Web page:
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(To the Editor of the Wesleyan-Methodist Magazine.)

THIS is a subject on which much has been said of late years. The "Society of Friends" has, from the beginning of its existence, protested against them. George Fox, among his other peculiarities, insisted on taking the words of our Lord, "Swear not at all," in their widest application, as referring, not merely to the ordinary intercourse between man and man, but also to the most solemn judicial proceedings. His followers, therefore, have always held oaths to be unlawful, under all circumstances; and for many years were exposed in consequence to various and heavy inconveniences, as they could not give evidence in any court of justice. Their objections were altogether religious. Their conscience may be thought to have been mistaken; but still, sincerely conscientious they were. They feared God, as well as honoured the King. In proportion as enlightened and truly liberal notions on the science of government prevailed, it was felt, with growing force, that to these inconveniences such a body of Christians ought no longer to be exposed. That in their case affirmation should be received instead of oath, became at length the law of the land. Some years ago, certain persons, describing themselves as Separatists, alleged similar objections, and on similar grounds. The Legislature held them to be entitled to similar relief, and ultimately granted it to them. Since then, a number of other persons have come forward, stating their objections to the judicial administration of oaths; and a bill is now before Parliament, granting almost indiscriminate relief. A necessity appears to exist for the investigation of the case. Volumes have been written on the subject; but its principles lie within a narrow compass, and may be examined without prolixity. It is proposed to attempt this in the present paper.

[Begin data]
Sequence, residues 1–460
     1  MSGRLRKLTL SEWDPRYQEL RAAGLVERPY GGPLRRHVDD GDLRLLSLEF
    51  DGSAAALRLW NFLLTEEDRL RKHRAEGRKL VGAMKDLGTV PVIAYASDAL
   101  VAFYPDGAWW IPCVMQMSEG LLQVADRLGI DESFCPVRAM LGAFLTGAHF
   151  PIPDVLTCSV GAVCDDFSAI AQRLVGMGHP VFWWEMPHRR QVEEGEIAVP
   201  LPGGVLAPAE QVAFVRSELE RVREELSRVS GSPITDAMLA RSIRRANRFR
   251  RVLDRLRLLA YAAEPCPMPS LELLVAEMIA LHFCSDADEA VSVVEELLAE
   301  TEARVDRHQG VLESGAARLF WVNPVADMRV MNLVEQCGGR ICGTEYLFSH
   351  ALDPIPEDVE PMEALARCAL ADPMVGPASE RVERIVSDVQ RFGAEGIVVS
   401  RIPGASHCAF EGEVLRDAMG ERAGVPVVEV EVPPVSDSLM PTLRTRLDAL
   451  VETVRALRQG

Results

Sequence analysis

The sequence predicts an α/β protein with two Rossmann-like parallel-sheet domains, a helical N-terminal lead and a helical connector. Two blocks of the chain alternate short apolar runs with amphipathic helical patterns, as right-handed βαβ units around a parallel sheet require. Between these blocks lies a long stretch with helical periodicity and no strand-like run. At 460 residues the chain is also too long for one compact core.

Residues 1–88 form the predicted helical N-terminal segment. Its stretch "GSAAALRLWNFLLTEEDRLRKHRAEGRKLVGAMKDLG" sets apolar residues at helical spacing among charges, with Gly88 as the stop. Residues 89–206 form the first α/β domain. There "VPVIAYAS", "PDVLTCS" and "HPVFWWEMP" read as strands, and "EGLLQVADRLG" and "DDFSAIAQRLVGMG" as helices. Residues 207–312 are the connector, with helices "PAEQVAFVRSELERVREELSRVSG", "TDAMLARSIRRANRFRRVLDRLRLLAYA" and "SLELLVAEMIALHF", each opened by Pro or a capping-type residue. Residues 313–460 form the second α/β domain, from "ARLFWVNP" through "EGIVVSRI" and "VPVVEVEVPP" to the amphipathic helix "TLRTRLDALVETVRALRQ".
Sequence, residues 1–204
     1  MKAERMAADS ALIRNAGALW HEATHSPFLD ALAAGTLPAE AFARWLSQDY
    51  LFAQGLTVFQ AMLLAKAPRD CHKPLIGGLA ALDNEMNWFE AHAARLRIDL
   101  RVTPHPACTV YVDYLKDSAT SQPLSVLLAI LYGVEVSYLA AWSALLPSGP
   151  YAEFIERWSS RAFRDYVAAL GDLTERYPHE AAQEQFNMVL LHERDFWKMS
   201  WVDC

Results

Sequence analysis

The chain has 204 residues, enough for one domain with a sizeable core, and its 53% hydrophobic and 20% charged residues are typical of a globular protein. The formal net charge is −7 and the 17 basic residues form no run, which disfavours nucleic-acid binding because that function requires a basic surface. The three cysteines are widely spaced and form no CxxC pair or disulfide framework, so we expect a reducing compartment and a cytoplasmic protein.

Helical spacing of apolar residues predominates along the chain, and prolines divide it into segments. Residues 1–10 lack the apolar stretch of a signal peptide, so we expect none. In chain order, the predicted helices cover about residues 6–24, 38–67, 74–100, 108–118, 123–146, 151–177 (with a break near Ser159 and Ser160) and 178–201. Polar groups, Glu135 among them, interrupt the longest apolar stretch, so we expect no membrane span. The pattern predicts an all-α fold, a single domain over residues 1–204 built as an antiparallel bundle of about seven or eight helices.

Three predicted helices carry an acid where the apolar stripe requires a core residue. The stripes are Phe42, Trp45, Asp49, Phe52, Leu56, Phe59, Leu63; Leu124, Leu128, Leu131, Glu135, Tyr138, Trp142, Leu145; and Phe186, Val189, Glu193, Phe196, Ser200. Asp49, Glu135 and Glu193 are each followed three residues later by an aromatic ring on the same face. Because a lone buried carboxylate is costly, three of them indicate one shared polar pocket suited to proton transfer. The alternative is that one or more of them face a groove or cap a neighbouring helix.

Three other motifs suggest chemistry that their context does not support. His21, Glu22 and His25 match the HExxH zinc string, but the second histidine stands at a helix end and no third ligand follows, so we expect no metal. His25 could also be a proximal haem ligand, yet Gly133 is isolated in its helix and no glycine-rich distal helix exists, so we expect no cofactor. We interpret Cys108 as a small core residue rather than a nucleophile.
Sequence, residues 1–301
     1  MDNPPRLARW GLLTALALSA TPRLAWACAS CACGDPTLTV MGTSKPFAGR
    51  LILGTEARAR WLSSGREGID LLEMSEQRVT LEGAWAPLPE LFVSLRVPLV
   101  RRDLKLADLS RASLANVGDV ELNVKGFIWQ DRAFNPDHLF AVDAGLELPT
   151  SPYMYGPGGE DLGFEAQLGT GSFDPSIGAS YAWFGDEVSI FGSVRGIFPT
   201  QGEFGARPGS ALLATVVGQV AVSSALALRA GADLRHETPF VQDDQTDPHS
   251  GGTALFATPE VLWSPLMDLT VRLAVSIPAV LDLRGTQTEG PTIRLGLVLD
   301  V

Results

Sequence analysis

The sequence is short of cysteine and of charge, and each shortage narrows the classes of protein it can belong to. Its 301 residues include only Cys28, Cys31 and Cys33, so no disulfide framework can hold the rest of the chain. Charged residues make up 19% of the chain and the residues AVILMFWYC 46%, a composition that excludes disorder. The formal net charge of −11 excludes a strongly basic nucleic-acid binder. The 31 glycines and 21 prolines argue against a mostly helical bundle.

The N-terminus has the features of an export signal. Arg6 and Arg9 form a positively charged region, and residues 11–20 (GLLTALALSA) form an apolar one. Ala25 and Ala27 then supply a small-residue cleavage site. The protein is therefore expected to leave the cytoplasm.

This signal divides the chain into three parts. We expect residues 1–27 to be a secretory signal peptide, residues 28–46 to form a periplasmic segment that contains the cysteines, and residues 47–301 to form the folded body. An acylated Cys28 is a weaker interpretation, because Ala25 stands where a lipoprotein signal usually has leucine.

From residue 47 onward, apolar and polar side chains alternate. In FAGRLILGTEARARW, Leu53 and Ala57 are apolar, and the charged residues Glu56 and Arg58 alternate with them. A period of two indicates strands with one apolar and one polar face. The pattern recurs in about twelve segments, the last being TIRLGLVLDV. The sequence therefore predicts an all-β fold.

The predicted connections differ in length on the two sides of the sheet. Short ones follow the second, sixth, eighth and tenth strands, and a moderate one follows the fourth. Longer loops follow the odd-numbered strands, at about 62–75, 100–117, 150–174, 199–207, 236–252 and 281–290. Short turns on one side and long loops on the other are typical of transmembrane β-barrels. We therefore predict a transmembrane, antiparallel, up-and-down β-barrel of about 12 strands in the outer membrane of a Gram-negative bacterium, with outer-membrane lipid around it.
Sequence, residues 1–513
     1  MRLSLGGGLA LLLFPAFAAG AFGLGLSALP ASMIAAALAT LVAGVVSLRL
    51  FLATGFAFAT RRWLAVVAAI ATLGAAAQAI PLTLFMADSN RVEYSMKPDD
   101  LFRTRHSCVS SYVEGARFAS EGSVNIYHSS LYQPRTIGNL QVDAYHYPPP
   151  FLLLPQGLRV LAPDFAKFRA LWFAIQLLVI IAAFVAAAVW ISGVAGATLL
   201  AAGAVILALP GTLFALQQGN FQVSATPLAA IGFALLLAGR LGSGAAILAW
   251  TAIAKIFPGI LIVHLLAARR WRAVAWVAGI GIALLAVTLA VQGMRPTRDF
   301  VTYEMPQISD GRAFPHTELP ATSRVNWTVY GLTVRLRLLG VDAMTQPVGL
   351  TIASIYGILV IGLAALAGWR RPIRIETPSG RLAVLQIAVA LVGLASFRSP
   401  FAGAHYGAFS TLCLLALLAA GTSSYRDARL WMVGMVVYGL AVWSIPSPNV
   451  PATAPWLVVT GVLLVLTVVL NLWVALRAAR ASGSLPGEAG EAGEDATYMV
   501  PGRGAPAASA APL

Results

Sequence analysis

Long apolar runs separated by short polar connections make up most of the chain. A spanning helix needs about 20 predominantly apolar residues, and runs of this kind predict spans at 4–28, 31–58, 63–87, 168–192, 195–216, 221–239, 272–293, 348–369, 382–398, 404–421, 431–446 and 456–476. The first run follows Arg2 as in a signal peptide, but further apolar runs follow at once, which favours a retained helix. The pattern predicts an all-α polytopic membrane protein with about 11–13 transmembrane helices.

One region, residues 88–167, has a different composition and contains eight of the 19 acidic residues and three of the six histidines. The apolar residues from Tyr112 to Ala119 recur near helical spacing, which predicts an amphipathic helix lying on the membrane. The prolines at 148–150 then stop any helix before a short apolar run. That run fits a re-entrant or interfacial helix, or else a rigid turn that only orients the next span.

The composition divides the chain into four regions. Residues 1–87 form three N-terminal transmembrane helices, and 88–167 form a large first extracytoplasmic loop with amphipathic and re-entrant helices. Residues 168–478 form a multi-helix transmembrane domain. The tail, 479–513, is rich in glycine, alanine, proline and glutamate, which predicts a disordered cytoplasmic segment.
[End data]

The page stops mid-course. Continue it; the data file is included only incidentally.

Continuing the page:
One thing must be admitted, even by those who most strenuously object against the judicial administration of oaths, provided their objections be the same as those advanced by the "Friends;" that is, that they rest on religious grounds, and imply a true belief in the New Testament, as of divine origin and sovereign authority; that, if oaths be not rendered unlawful by the positive command of Christ, but may be, with due reverence, judicially administered, such administration adds greatly to the weight of civil power, and invests it with a sacredness of character of which otherwise it would be entirely destitute. This, indeed, is the reason for instituting the investigation proposed in the present paper. Without oaths, judicial proceedings visibly possess no connexion with the great truths of religion. They appear before us as human institutions, and nothing more. Now, this is not the full character in which they are beheld by a believer in the New Testament. That man has much to do in their constitution is evident, not only from universal history, but from the very decisive language of Scripture; (which is as truly governed by inspiration as the mental conceptions of Scripture ;) for St. Peter says, "Submit yourselves to every ordinance of man (waon avoρwin kтiσα) for the Lord's sake." But St. Paul also says, "There is no power but of God: the powers that be are ordained of God. He is the minister of God to thee for good. He beareth not the sword in vain; for he is the minister of God, a revenger to